And the rest of these I've given up on trying to identify.  I'll include them here anyway, just because I found them appealing.  Perhaps some of my faithful readers will have suggestions on a few.

This one looked like dark brown velvet:


On the Road

>> Wednesday, August 18, 2010

Today was one of those days when I could take full advantage of being on the road for work.  I had to travel to Norwich for a meeting, which concluded pretty late in the afternoon.  A quick survey of the Evil Blackberry told me there were no real crises awaiting me at the office, and the GPS told me I wouldn't get back to the office until after 5:00 anyway.  No reason to rush.

Happily, I had taken my camera along for the ride.

Norwich is one of those places one cannot travel to without taking a bunch of twisty windy back roads through a lot of breathtaking farm country.  I stopped several times when the sun's rays peeked from behind the heavy clouds to illuminate a hill, and when I could find a spot to pull the car far enough off the road to not present a hazard to my fellow travelers.  Although I don't think any of these are exactly extraordinary, here are a few of my favorite shots:

Somewhere along Route 80 I stumbled upon this sweet old cemetery.  I think that's where I finally hit my photography groove for the day.  I was happy and completely enthralled in taking photos for a long, long time there.  I have a thing for cemeteries - old ones, anyway.  I have been known to take a book and spend an afternoon sitting in one, and my husband and I used to go toss a softball around in an open field surrounded by old cemetery that was a block from our old townhouse.  I've always wanted to live next to an old cemetery because I find them peaceful, and because I think they help keep life in perspective.  I also happen to think the dead would make excellent neighbors.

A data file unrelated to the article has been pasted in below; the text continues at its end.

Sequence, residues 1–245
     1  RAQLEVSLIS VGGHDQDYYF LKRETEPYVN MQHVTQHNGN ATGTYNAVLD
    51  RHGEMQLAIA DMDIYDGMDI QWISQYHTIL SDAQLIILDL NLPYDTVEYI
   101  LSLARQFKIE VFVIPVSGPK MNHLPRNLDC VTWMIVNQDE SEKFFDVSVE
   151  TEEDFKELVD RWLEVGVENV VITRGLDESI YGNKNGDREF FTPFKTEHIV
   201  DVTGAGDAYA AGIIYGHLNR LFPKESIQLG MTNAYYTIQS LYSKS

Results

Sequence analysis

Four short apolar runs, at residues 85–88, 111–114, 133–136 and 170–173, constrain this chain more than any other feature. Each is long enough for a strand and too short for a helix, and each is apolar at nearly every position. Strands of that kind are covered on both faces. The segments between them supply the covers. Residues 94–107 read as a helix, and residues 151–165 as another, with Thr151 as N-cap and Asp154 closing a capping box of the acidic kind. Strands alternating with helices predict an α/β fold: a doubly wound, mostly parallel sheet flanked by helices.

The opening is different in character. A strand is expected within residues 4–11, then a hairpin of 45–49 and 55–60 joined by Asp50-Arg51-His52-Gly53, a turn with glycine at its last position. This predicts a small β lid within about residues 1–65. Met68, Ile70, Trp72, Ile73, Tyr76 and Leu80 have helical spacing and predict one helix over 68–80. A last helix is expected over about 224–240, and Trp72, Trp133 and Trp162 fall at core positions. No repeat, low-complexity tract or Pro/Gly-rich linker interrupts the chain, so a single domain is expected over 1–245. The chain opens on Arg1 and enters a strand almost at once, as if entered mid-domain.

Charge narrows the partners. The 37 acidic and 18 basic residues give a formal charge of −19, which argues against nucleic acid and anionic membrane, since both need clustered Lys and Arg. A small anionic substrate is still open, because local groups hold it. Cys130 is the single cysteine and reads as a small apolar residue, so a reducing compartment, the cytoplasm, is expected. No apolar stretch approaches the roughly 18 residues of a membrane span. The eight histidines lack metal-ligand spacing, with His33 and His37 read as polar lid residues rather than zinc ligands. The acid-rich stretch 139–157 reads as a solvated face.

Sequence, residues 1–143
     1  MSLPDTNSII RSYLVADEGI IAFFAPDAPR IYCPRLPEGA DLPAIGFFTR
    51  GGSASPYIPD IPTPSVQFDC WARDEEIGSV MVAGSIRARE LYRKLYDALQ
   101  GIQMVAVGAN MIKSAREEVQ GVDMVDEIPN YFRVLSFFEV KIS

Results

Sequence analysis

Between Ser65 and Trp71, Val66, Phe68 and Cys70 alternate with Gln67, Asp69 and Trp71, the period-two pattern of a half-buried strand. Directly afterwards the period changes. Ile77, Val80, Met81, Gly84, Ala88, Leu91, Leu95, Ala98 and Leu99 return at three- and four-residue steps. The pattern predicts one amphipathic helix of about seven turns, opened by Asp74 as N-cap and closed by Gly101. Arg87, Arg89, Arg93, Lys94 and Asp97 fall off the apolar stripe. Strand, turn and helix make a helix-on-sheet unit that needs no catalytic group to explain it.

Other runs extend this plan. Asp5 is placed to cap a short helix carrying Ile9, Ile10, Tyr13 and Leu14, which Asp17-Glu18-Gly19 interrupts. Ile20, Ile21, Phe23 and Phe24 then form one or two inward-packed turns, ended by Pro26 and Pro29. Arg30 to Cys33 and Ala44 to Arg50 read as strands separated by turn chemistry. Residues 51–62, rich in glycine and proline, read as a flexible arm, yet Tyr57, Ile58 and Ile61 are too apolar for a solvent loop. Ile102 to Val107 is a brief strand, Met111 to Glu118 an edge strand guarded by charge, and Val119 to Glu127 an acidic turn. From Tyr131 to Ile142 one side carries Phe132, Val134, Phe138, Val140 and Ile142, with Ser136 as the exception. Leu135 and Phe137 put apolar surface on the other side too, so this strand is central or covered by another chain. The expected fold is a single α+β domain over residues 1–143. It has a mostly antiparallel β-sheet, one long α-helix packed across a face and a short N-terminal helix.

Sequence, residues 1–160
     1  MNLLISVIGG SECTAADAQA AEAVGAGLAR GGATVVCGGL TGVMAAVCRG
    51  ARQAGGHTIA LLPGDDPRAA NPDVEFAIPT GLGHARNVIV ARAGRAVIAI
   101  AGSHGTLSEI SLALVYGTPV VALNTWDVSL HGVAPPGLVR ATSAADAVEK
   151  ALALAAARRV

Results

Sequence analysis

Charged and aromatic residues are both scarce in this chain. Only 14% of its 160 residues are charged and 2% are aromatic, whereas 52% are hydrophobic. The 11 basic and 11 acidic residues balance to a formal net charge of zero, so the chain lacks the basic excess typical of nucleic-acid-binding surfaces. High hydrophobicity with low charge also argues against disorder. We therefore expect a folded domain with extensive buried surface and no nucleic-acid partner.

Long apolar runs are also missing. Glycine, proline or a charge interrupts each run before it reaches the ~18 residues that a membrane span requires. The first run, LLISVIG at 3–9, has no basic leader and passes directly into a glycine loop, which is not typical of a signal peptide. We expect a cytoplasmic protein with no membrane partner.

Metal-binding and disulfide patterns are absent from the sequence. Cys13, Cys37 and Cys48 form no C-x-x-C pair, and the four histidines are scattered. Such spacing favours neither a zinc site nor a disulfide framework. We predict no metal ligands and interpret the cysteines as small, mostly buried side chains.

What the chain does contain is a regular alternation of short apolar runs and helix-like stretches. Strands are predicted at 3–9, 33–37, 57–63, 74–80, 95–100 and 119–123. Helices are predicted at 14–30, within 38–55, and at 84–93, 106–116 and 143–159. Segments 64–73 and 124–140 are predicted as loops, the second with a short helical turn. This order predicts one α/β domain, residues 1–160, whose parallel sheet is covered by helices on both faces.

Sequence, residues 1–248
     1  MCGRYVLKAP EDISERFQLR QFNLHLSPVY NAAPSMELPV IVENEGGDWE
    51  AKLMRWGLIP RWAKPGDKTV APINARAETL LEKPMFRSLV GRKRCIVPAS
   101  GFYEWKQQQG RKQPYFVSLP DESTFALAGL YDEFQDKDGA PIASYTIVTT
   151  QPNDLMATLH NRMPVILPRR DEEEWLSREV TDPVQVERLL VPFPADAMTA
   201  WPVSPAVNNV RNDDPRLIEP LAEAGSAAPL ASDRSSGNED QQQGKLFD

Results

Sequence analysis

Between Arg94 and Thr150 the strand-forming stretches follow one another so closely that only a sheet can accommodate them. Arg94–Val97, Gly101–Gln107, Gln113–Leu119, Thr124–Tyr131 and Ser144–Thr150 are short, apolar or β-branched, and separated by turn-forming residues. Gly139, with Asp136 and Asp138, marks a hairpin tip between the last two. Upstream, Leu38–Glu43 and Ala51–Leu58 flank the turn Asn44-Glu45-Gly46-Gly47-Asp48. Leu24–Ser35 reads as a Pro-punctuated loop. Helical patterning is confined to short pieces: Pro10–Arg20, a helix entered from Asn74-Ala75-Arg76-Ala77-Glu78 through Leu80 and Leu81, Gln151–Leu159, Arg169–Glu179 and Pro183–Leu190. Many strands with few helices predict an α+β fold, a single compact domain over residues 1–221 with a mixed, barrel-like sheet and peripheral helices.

I always wander about in old cemeteries, looking at the stones and wondering about the life stories that are represented there - all the love, and all the heartbreak.  Who died from fevers, who in child birth, and which few lived to a ripe old age?  Who lost all their children young, before they died themselves?  And who fought for our country in war?  Who is remembered by name, and which women were unlucky enough to be remembered only as some man's wife?

Anyway, today what struck me most was not so much people's stories, but just the contrast and textures of the engraved stones, and the way nature slowly reclaims its own.  I thought I'd share a few of the images and textures that struck me the most:

I am puzzled by the inscription on the one above.  It reads, as best as I can tell:

Asa Pritchard, Esq.
Died July 30, 1838
AE 17 yrs.

Beneath this stone an honored Parent lies
Death will not stay for pleading childrens cries
No fond companion can afford one breath
When fastened in the name of Death.

Was Asa 17 years old?  And an honored parent at that tender age?  If anyone has any insight, let me know.

One does wonder about this next one.  How do they feel about being buried together, and were they his wives in succession, or at the same time?